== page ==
The expression of TSP-1 was measured by Immunohistochemical staining (IHC) in the most of studies. Besides, Quantitative real-time polymerase chain reaction (qRT-PCR) assay and enzyme linked immunosorbent assay (ELISA) was applied to detect TSP-1 in 3 and 2 studies, respectively, and immunoblot analysis and a standard Dextran Polymer Conjugate Two-step Visualization System Envision was applied in 1 study each. The data of HR and 95% CI was extracted from survival curves or literature reports. In all these studies, 17 studies researched OS [17, 22,23,24,25,26,27,28,29,30,31,32,33,34,35,36,37], 7 studies investigated DFS/RFS [22, 23, 26, 38,39,40,41] and 6 studies focused on progression-free survival (PFS)/ metastasis-free survival (MFS) [28, 31, 32, 42,43,44] (Table 2).

Table. 2 HRs and 95% CIs of cancer prognosis and progression associated with TSP-1 expression in included studies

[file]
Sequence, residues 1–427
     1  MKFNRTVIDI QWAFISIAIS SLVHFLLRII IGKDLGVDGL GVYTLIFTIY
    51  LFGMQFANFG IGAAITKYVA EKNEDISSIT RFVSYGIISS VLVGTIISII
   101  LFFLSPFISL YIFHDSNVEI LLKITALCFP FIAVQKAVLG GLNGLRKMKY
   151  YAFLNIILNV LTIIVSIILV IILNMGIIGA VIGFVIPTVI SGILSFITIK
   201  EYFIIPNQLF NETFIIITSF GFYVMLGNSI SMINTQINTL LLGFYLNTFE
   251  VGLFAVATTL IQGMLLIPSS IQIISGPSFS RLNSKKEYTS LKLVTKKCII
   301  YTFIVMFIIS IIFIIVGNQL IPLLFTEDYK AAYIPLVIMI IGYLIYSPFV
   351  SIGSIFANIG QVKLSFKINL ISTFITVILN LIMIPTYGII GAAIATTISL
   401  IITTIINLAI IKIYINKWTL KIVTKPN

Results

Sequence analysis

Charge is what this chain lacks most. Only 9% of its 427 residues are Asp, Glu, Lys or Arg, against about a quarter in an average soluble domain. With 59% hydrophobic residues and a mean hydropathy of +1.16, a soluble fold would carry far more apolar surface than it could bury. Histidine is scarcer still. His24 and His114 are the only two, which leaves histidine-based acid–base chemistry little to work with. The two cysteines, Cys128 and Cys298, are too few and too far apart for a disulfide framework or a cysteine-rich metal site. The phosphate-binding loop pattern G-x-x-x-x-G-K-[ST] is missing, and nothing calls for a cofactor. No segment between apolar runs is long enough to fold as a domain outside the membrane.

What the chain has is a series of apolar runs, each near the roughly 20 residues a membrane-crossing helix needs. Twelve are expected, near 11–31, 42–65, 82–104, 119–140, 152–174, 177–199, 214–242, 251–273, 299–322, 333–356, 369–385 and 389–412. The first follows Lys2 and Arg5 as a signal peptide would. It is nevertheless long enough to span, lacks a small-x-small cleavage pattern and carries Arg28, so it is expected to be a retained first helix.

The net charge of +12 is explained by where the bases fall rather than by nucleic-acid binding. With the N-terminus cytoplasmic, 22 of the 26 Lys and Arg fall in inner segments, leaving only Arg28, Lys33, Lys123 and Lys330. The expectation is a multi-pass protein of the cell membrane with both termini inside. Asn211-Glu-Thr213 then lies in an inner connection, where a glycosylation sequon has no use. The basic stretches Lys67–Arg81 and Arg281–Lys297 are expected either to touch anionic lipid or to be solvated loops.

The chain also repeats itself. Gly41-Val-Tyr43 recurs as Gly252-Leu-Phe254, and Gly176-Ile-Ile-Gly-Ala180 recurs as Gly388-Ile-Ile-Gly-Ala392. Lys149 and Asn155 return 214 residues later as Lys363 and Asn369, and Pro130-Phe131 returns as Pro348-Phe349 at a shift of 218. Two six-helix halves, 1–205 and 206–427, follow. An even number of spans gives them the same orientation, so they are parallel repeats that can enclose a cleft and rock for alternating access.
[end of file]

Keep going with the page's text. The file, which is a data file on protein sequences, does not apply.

OS associated with TSP-1 expression

Because of the mild heterogeneity (p = 0.016, I2 = 47.3), the fixed effect model was used for data analysis. The results showed that high level of TSP-1 indicated poor OS, (HR = 1.40; 95% CI: 1.17 ~ 1.68) and the effect was statistically significant (P<0.001) (Fig. 2A). In order to analyze the source of heterogeneity, we did subgroup analyses according to nationality, dominant ethnicity, main pathological type, disease type, assay method and source of HR. When stratified by ethnicity, we found that the high level of TSP-1 was significantly correlated with the OS of Caucasians (HR = 1.74; 95%CI: 1.37–2.22; P<0.001), while among Asians, there was no significant correlation (HR = 1.07, 95%CI: 0.82–1.40; P = 0.629) (Fig. 3A). In the source of HR analysis, the OS of “reported” group was significantly worse (HR = 1.48; 95%CI: 1.18 ~ 1.87; P = 0.001), while the OS of the other group was also worse, however, with no statistical significance (HR = 1.29; 95%CI: 0.97 ~ 1.171; P = 0.081) (Fig. 3B). According to the subgroup analysis of disease type, the pooled HR of breast cancer was 1.78(95%CI: 1.09 ~ 2.92; P = 0.022) (I2 = 0.0%, P = 0.536), and the pooled HR of gynecological cancer was 1.72(95%CI:1.13–2.64; P = 0.012)(I2 = 0.0%, P = 0.511), with no heterogeneity (Fig. 3C). Finally, there was a significant relationship between elevated TSP-1 and poor OS in Americans. (HR = 1.72; 95%CI: 1.13–2.64; P = 0.012) (Fig. 3E). Other kinds of diseases had no obvious significance (Fig. 3D, F).